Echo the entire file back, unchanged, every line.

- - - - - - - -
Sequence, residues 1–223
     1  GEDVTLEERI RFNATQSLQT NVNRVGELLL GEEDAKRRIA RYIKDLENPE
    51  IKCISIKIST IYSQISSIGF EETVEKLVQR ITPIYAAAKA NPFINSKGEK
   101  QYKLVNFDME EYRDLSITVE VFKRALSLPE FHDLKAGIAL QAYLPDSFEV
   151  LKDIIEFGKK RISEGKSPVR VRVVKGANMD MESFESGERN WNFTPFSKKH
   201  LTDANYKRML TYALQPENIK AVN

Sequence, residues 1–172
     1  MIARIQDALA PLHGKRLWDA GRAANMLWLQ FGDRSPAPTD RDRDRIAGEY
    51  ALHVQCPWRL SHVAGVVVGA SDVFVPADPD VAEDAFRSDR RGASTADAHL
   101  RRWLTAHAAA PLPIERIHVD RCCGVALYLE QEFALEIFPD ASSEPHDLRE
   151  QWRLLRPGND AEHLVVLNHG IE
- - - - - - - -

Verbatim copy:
Sequence, residues 1–223
     1  GEDVTLEERI RFNATQSLQT NVNRVGELLL GEEDAKRRIA RYIKDLENPE
    51  IKCISIKIST IYSQISSIGF EETVEKLVQR ITPIYAAAKA NPFINSKGEK
   101  QYKLVNFDME EYRDLSITVE VFKRALSLPE FHDLKAGIAL QAYLPDSFEV
   151  LKDIIEFGKK RISEGKSPVR VRVVKGANMD MESFESGERN WNFTPFSKKH
   201  LTDANYKRML TYALQPENIK AVN

Sequence, residues 1–172
     1  MIARIQDALA PLHGKRLWDA GRAANMLWLQ FGDRSPAPTD RDRDRIAGEY
    51  ALHVQCPWRL SHVAGVVVGA SDVFVPADPD VAEDAFRSDR RGASTADAHL
   101  RRWLTAHAAA PLPIERIHVD RCCGVALYLE QEFALEIFPD ASSEPHDLRE
   151  QWRLLRPGND AEHLVVLNHG IE